6313 Self-Employment - Self-employment income is earned income received directly from one's own business, trade, or profession. Some guidelines to determine if an individual is self-employed include whether the person: (1) holds himself out as a business (e.g., advertises), (2) decides when and where to work, obtains own jobs or sales, and pays own expenses, (3) has a risk of a profit or loss, and (4) pays his own FICA and income taxes (although this guideline, by itself, does not necessarily establish self-employment). The absence of one or more of these criteria indicate that the activity is not self-employment. Each situation must be evaluated on a case-by-case basis and documented in the case file as to whether a certain income is self-employment or not. An adjusted gross income amount must be determined by deducting income producing costs from the gross earnings.


  1. Ownership of rental property and other income-producing personal property (other than cash assets) shall be considered a self-employment enterprise; however, income derived from the property shall be considered self-employment earned income only if a member of the household is actively engaged in the production of income and/or the management of the property at least an average of 20 hours per week. Otherwise it will be considered unearned income. See 5430 (12) regarding treatment of income producing property.

    For all programs, net countable income from this property, whether earned or unearned, shall be determined using the 25% standard deduction or actual expenses if requested. See 7122.1.

  2. A loss from self-employment cannot be deducted from other income nor can a net loss of a business be considered as an income producing cost. Exception: For food assistance, a loss from farm self-employment can be deducted from other countable income. See 7122.1.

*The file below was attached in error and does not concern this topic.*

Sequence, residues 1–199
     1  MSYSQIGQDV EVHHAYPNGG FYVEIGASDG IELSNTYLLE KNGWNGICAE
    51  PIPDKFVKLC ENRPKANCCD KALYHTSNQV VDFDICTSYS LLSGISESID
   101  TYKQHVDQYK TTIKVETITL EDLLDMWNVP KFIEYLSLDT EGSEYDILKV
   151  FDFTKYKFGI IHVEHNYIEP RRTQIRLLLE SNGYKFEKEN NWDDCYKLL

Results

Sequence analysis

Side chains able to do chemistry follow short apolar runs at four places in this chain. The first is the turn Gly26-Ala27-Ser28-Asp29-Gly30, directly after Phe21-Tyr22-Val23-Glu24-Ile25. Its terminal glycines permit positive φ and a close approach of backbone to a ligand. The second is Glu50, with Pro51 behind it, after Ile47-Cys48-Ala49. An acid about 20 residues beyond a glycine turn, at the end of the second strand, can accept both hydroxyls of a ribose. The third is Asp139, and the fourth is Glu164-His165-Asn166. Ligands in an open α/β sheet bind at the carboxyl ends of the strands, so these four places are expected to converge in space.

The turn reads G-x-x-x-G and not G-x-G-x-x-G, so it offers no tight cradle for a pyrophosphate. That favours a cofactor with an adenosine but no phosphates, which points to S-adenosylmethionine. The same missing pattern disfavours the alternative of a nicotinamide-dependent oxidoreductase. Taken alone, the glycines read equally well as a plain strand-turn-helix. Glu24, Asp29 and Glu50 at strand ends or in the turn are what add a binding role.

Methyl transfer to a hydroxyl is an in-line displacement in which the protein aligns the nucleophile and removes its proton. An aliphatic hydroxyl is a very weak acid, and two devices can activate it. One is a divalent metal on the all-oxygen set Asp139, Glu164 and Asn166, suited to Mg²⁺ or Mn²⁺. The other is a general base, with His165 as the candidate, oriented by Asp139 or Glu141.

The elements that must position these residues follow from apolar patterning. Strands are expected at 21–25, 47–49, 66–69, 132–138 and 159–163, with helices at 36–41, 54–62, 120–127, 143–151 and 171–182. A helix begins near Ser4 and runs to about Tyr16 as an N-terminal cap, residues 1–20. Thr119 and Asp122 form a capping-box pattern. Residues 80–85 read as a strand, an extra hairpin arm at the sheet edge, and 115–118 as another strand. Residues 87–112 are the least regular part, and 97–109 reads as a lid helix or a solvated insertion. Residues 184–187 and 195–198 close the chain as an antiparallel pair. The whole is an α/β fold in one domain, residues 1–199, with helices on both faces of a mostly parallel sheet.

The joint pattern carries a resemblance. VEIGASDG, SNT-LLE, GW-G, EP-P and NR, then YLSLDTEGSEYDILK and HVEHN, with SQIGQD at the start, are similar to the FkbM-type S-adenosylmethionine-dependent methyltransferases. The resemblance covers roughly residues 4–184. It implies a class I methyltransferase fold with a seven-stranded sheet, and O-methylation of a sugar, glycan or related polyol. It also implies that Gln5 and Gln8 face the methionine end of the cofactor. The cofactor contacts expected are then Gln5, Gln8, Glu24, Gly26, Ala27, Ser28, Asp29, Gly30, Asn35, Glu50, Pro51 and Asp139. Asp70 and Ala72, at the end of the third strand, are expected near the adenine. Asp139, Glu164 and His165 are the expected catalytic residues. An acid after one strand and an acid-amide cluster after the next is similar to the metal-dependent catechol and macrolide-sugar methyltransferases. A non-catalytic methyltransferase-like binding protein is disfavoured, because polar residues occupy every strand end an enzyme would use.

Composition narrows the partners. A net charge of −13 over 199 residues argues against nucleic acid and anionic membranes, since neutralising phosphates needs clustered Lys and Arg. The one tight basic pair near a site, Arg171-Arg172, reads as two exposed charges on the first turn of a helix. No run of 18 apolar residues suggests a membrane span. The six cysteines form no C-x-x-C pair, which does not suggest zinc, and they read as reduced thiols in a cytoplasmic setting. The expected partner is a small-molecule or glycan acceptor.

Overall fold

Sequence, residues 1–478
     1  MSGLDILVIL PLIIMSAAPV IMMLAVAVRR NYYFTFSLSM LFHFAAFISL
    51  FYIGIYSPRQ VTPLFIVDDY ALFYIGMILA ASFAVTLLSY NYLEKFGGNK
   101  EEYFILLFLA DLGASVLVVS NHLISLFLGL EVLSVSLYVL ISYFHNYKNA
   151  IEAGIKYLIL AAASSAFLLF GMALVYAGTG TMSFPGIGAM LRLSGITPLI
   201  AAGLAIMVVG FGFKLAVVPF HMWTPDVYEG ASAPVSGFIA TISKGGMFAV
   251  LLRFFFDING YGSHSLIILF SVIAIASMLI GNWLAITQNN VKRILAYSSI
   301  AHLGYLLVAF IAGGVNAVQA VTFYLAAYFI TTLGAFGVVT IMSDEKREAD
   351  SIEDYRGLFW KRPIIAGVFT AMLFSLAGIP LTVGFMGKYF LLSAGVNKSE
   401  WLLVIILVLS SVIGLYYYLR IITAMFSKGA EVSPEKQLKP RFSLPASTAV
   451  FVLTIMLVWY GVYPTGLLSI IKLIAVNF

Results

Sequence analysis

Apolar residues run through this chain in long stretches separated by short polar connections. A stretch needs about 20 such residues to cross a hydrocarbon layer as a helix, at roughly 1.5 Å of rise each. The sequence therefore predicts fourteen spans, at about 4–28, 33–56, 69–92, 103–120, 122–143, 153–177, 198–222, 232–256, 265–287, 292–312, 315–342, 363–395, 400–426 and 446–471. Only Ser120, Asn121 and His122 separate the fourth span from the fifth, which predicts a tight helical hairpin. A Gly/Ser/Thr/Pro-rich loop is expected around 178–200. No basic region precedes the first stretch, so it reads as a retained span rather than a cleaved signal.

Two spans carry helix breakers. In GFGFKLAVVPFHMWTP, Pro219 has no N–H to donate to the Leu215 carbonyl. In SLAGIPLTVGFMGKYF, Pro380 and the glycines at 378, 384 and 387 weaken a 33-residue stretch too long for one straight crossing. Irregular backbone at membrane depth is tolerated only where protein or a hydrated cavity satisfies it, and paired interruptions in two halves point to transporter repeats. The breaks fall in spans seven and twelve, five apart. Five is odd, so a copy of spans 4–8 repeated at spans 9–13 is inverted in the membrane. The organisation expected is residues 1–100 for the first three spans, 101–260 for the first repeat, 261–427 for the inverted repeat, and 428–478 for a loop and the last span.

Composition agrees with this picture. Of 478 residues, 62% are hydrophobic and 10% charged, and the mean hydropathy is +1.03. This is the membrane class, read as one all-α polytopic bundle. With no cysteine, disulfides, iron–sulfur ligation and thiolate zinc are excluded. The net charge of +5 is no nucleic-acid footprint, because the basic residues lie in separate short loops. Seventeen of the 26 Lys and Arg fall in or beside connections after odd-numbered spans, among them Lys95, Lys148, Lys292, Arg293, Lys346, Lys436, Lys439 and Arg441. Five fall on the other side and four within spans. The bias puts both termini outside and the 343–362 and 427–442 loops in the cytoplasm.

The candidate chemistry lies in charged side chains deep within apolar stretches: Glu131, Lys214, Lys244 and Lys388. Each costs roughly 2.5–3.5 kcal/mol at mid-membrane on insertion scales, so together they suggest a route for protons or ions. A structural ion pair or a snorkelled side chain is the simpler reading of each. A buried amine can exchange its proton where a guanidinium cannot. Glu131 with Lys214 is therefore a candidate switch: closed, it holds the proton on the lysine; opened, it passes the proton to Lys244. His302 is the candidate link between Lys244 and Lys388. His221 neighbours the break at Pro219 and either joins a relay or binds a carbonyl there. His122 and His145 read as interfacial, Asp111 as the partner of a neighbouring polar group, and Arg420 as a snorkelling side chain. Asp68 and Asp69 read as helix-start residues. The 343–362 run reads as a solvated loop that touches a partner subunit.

3. When at least one person has wages and at least one person is self-employed, separate calculations are required and the countable incomes are then totaled. Self-employment income shall be considered and averaged. (See 7122.)

  4. Payments from a roomer or boarder shall be treated as though it were self- employed earned income. See 4222 for Allowable Costs of Doing Business for food assistance boarders. See 7122.1 for allowable cost of doing business (25% or actuals) for a roomer. Definitions of roomer and boarder are in Appendix item X-6.

  5. Payments to family or group day care providers through the Child Care Food Program, authorized by the National School Lunch Act shall be considered gross self-employment income from which the costs of doing business may be subtracted to determine net income. Included in the cost of doing business are the food expenses incurred by the day care providers to feed children under their care. Child care providers may also qualify to receive payments through this program for meals provided to their own children. These payments are also income from which the cost of providing meals may be deducted. The Child Care Food Program funds are administered by the State Department of Education and distribution to eligible day care providers is made through sponsoring organizations. Refer to item D-1 in the Appendix for the current list of sponsoring organizations.